Justice beyond law: clemency and the Royal Prerogative of Mercy

Parliament house flag post

Justice beyond law: clemency and the Royal Prerogative of Mercy

Posted 19/09/2012 by Dianne Heriot


The campaign to secure posthumous pardons for Harry Harbord Morant, Peter Handcock and George Witton has been the subject of debate in the media, and also in the Australian Parliament, over recent years. In May, the Commonwealth Attorney-General, Nicola Roxon, stated that the Australian Government would take no further action on the petition to pardon the three.  Their chief advocate, James Unkles, has indicated his intention to pursue the matter in the UK Courts with the assistance of Dan Mori.  However, irrespective of its outcome, the Morant matter has highlighted the enduring role of the Royal Prerogative of Mercy in Australia's justice system. 

The Royal Prerogative of Mercy is the ancient power of the monarch to show mercy to an offender and to redress miscarriages of justice a power often called upon in capital cases, particularly before the development of systems of criminal appeal. It is a personal executive power, vested in the sovereign and, in Australia, exercisable by the Governor-General and by state Governors. The Governor-General's power to grant pardons extends only to offences under Commonwealth or Territory law: she does not have jurisdiction to pardon persons convicted of state offences or those convicted in overseas Courts (as was the case for Morant, Handcock and Witton). The Royal Prerogative of Mercy is exercised in response to a petition, usually from a convicted person or someone acting on their behalf, and, by constitutional convention, on advice from the relevant government minister.

Under the Royal Prerogative of Mercy, the Governor-General may grant
  • a free and absolute pardon
  • a conditional pardon
  • a remission of penalty, or
  • order a (non-judicial) inquiry into a conviction.
The Commonwealth Crimes Act 1914 provides  that where a person has been granted a free and absolute pardon because they were "wrongly convicted of the offence", they shall be taken "never to have been convicted of the offence" (section 85ZR).  In contrast, in the UK, a royal pardon does not remove the conviction itself, but only the penalty or punishment imposed. 

As the Royal Prerogative of Mercy enables the Executive to override the final decision of a Court, it is usually exercised only in matters where no other avenue of redress remains. For the same reason, ministers have traditionally applied a high threshold when deciding whether to recommend the granting of a pardon, doing so only in cases in which they are satisfied that the convicted person was both morally and technically innocent (see the discussion of pardons in a notable British case, R v Secretary of State for the Home Department ex p. Bentley, and in an Australian Senate Committee hearing). Full and free pardons are rarely granted.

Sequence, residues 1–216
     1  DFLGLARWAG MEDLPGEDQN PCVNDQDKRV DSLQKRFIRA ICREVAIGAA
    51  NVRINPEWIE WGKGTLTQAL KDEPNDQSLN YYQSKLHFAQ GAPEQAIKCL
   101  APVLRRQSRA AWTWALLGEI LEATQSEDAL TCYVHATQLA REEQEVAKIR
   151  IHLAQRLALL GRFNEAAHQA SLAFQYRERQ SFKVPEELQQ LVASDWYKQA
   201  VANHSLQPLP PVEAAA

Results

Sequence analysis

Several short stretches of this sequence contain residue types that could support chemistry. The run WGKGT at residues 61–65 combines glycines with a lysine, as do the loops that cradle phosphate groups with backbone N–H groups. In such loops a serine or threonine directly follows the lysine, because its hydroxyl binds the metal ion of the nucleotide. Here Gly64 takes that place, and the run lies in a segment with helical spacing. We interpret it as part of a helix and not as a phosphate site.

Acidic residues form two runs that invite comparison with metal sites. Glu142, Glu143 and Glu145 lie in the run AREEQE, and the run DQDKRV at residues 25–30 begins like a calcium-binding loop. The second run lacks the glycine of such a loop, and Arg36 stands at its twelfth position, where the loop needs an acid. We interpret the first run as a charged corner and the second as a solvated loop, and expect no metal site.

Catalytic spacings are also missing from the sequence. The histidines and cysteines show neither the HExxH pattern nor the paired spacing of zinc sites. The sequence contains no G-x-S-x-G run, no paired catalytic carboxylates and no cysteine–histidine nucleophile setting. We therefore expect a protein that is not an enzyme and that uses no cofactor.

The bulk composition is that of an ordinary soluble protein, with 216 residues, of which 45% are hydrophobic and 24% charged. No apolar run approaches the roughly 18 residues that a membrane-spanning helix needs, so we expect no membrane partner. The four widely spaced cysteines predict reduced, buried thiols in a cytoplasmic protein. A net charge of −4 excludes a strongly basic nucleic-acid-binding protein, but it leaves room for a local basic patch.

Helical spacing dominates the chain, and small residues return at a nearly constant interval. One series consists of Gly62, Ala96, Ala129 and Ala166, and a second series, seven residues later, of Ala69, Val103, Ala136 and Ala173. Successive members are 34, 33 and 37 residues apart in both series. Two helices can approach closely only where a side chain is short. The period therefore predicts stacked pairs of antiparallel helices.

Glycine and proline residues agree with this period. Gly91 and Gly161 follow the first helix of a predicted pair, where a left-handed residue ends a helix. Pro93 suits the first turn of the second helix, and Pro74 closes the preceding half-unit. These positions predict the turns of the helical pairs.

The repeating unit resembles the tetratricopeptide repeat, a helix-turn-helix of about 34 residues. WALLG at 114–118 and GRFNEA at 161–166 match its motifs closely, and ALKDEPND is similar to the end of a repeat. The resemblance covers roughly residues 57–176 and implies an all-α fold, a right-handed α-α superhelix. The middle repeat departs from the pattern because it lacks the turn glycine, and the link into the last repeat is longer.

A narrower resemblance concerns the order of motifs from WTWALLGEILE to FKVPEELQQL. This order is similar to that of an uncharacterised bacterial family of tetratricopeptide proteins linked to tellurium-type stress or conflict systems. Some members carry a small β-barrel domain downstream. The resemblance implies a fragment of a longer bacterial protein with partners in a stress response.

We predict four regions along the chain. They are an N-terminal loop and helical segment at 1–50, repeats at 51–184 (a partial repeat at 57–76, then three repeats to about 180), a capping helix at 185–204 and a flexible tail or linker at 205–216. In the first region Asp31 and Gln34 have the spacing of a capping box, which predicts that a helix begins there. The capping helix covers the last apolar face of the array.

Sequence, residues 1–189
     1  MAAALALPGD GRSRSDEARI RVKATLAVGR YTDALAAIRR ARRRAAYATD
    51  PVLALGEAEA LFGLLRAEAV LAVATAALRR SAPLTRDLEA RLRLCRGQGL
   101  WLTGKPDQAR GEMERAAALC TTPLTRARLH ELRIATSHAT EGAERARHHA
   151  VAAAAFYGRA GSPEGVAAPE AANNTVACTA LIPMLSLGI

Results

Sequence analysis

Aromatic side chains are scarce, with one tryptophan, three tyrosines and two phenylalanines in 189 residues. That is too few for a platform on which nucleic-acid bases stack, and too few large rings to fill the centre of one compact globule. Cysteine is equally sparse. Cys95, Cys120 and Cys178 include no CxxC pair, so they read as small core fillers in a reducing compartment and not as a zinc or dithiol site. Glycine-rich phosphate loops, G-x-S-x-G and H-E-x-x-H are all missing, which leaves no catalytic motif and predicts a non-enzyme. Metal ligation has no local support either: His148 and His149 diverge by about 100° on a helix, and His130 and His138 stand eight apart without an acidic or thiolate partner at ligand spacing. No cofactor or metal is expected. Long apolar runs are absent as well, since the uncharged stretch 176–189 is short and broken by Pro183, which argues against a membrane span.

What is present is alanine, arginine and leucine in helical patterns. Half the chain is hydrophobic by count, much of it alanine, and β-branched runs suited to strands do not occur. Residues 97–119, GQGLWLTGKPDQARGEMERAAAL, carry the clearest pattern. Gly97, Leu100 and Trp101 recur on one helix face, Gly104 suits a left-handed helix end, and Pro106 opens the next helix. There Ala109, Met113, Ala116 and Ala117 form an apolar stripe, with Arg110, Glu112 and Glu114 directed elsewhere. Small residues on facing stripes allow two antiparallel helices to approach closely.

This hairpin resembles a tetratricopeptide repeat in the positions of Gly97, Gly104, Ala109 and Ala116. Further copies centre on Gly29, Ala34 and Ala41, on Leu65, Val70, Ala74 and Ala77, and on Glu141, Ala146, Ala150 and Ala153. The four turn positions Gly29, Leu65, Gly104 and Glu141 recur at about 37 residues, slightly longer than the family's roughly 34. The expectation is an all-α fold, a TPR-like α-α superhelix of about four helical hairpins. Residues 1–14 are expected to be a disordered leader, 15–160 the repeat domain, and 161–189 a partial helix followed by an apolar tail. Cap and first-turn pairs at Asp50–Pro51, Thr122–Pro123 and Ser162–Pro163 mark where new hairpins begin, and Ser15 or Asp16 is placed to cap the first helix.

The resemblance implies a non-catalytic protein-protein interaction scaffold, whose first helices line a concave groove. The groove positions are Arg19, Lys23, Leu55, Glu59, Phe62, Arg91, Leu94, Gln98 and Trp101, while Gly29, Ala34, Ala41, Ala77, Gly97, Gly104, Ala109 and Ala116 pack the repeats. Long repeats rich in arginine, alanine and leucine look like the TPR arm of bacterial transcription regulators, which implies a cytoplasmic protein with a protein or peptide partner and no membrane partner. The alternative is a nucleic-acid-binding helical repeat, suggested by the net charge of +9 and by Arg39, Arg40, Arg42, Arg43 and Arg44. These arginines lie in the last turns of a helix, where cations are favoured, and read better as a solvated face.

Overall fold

While there seems to be no comprehensive record of pardons granted for Commonwealth offences, there have been some notable cases: 
  • In 1942, Stokers Albert Gordon and Edward Elias were sentenced to death by court martial for the murder of Stoker John Riley on HMAS Australia. (As the Australian Government had by an Order-in-Council unconditionally transferred Royal Australian Navy ships to the control of the Royal Navy during World War II, they were subject to the British Naval Discipline Act 1866 which provided that murder was a capital offence.)  After an unsuccessful appeal to the High Court, an appeal was made to the King who exercised the Royal Prerogative of Mercy and commuted their sentences to imprisonment.
  • In 1968, John Zarb was imprisoned for two years for failing to comply with the National Service Act 1951. An unsuccessful appeal to the High Court followed, and his case became a focal point for anti-war protesters. In 1969, after receiving advice from the then Attorney-General, Governor-General Sir Paul Hasluck remitted his remaining sentence on compassionate groundsBrian Ross, also jailed for two years for refusing to comply with a call-up notice, also had his sentence remitted by the then Governor-General following an inquiry into the matter by Mr Justice Smithers.
  • In 1979, Anastasia Artopoulou was granted a free and absolute pardon by Governor-General Sir Zelman Cowan on the basis of evidence she was thought to be able to give in a prosecution for alleged social security fraud. Attorney-General Durack also granted immunities from prosecution to a number of other witnesses in the same case.  Ultimately the Crown withdrew Ms Artopoulou's evidence.  This is an interesting example of a pardon granted, prior to any charge or prosecution, to a person who might be implicated in a crime on condition that they provide assistance to the prosecution.  
Information provided by the Attorney-General's Department indicates that since 1990 the Governor-General has granted four free and absolute pardons to people who had been convicted and fined for Commonwealth offences under corporations, electoral and taxation law.  The Governor-General has also granted a number of full and partial remissions of fines, most commonly on the basis of financial hardship.